Commenting on Creativity

I originally started this blog because I wanted to share my creative writing with the world. I deleted most of the first posts I made, as looking back the writing I did then seemed terrible. I’m sure if I look at the writing I did a couple of years ago I’d think it awful, but that’s the point of learning and growing – hopefully, you’ll always get better.

It’s never been a secret that one day, somehow, my dream is to be an author. Or, more specifically, a published author who can earn a steady income from books written alone. I love my current job, and if I could quit tomorrow to just write books I wouldn’t – I’d rather stay in the job I have now and write books for fun. But this isn’t what I want to talk about today. No, right now I want to write about commenting on creativity, and how that can help and hinder someone.

I was talking with my flatmate the other day about creative writing, as I sign up to so many free courses to get hints and tips for writing well. There are so many documents on my computer of half-finished stories, bullet points of ideas, and even a couple of ‘finished’ books. I have so many notebooks (which I hoard to an excessive extent) with hastily scribbled musings and random scenes, as well as several jottings on the notes app on my phone. When I was in university, it made sense to me to pick a creative writing module in my second year – it was, after all, what I dreamed of doing one day and happened to be doing most days anyway.

It’s safe to say now that this isn’t exactly a happy story.

That creative writing class was one of the worst classes I ever took at university, partly due to the terrible teaching and partly due to the soul-crushing, heart-wrenching trauma of losing faith in your dream and what you love. Yes, it sounds melodramatic, but creative writing is something I’ve done all my life – from terribly written plays when I was tiny that ripped off Scooby-Doo, to the very short book I wrote when I was 16 and foolishly thought that it was good enough to be published – and to go to a class all bright-eyed and hopeful only to come out with my work torn apart with vicious comments circling around in my mind, I thought that was the end for me.

There is a difference between constructive criticism and just criticism. Telling someone ‘your characters are a bit weak, you should try building up their backstory more to reflect a more complex character as a whole’ is very different to saying ‘your characters are awful’. And that’s what that class was for me.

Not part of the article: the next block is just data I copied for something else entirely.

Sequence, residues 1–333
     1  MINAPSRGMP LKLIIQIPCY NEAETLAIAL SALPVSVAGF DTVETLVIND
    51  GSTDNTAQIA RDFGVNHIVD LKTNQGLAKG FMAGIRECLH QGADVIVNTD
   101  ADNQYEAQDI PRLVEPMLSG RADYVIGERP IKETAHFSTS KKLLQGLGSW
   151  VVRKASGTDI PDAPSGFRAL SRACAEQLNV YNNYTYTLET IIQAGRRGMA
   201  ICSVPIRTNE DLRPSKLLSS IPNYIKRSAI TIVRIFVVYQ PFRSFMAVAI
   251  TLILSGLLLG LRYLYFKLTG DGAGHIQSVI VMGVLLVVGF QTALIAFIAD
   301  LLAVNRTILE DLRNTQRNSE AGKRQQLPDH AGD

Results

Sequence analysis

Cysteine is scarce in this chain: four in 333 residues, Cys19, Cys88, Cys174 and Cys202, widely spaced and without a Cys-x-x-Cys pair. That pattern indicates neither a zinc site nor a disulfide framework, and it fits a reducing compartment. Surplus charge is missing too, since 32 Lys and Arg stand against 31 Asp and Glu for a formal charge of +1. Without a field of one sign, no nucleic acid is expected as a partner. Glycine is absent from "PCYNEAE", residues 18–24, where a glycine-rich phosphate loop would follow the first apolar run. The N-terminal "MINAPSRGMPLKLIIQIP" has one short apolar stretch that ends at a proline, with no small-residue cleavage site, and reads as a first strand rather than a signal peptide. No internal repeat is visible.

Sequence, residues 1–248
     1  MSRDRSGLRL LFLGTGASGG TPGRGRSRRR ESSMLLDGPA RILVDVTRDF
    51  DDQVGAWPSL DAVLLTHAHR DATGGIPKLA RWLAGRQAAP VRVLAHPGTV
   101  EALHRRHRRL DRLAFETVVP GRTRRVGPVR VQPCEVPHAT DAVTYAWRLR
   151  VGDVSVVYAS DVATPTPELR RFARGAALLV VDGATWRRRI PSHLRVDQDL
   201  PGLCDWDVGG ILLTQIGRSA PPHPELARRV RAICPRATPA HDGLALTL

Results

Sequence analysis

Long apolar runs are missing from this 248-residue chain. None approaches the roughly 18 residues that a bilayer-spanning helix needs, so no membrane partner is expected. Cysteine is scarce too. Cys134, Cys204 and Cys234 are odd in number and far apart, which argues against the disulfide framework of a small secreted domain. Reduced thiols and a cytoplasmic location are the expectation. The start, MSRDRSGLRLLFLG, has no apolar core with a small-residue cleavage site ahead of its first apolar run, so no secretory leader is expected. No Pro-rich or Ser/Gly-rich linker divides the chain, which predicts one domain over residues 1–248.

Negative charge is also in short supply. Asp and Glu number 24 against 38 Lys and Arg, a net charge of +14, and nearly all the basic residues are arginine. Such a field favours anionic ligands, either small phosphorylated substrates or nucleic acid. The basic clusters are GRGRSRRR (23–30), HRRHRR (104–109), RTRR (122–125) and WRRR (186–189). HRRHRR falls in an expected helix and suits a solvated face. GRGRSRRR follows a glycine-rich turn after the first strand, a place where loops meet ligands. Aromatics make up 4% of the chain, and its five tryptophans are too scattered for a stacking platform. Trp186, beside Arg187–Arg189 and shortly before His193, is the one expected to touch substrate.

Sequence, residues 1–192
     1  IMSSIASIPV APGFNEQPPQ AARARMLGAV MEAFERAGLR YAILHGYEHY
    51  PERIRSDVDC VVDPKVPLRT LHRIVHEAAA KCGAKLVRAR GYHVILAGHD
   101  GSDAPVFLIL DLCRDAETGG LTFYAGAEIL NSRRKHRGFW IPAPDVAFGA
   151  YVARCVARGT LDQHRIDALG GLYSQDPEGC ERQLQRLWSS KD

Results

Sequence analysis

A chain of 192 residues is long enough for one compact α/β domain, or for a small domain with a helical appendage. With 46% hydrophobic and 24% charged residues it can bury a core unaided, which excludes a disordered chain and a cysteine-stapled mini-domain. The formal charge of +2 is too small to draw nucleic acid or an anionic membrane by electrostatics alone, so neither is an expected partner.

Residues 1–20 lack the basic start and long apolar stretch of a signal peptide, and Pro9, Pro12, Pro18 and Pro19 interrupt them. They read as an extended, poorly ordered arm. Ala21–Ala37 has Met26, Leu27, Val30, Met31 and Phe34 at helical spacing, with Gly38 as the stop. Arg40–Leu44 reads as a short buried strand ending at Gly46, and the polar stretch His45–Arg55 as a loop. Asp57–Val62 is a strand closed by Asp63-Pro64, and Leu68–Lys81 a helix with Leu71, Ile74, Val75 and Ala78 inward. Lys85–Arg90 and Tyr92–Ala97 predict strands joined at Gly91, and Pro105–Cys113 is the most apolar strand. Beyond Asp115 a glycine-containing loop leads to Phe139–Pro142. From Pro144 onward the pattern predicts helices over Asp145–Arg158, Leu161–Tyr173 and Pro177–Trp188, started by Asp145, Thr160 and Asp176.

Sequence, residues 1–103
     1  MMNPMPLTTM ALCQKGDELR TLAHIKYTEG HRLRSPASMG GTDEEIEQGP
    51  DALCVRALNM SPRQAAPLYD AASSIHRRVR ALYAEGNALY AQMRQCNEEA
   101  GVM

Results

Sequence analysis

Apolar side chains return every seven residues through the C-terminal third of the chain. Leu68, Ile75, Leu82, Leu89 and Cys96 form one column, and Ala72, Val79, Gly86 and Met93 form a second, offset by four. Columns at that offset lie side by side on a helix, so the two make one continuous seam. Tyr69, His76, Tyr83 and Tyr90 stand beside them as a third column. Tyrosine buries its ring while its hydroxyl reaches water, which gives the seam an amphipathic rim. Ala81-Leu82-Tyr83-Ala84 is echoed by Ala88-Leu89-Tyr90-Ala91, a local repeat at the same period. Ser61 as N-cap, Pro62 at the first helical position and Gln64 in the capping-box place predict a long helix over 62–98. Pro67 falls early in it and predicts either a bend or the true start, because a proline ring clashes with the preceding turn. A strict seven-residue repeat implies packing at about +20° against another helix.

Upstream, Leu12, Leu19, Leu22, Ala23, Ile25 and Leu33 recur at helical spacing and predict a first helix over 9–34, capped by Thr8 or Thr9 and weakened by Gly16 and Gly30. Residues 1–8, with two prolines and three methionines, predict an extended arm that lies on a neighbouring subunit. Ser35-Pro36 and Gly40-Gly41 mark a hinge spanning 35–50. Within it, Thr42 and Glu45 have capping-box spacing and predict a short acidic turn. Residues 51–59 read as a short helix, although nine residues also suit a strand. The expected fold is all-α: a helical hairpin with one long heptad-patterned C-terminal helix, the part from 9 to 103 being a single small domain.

Each week someone would have to bring in their response to a task – there was writing a short story based around a recent news piece, or writing a story that happened over the course of an hour. We spent the class focussing on that person’s work, and giving feedback on how we found it. I ended up with the task to rewrite something that happened to you from someone else’s perspective, something that I spent a long long time on just because I was so excited about it.

I like to think I’m not completely naive. I’m not very good at taking harsh criticism as it is, and very much like the sandwich tactic where you give a bad point in between two nicer comments. Still, I went into that class and braced myself, repeating a mantra that it was all good constructive criticism. And then the teacher opened up the conversation with “So who knows who Jonathan (my main character in the story) is? No one?” She turned to me and immediately said, “And that’s why your story isn’t any good. Because we don’t know who the main character is.”

It felt very much like a slap in the face, especially as I tried to say that I had tried to gradually introduce him in a way through first person narration that didn’t feel like a paragraph of him looking in the mirror and describing himself and his life story. Still, the teacher insisted, it was very bard form that you didn’t discover his name until the third paragraph, and the fact that you don’t get his full background in a 1,000 word piece just isn’t good enough.

And so it began. On and on she went, with some of the class chipping in with “your style just doesn’t work”, “your language choice is poor”, “I just didn’t like it at all, really”. I remember being given back 15 copies of my work, with scribbles all over it. There were some kinder ones, with comments every now and then saying “I love this bit!”, but those weren’t the ones I thought about afterwards.

So after that class, I ended up keeping my head down for the rest of the module. Frankly I felt useless, and didn’t really care to continue it. I don’t like sharing my writing even on a good day, and after that I’m loathe to share even a paragraph of something I’ve written to friends who I know wouldn’t even dream of saying anything in a nasty way.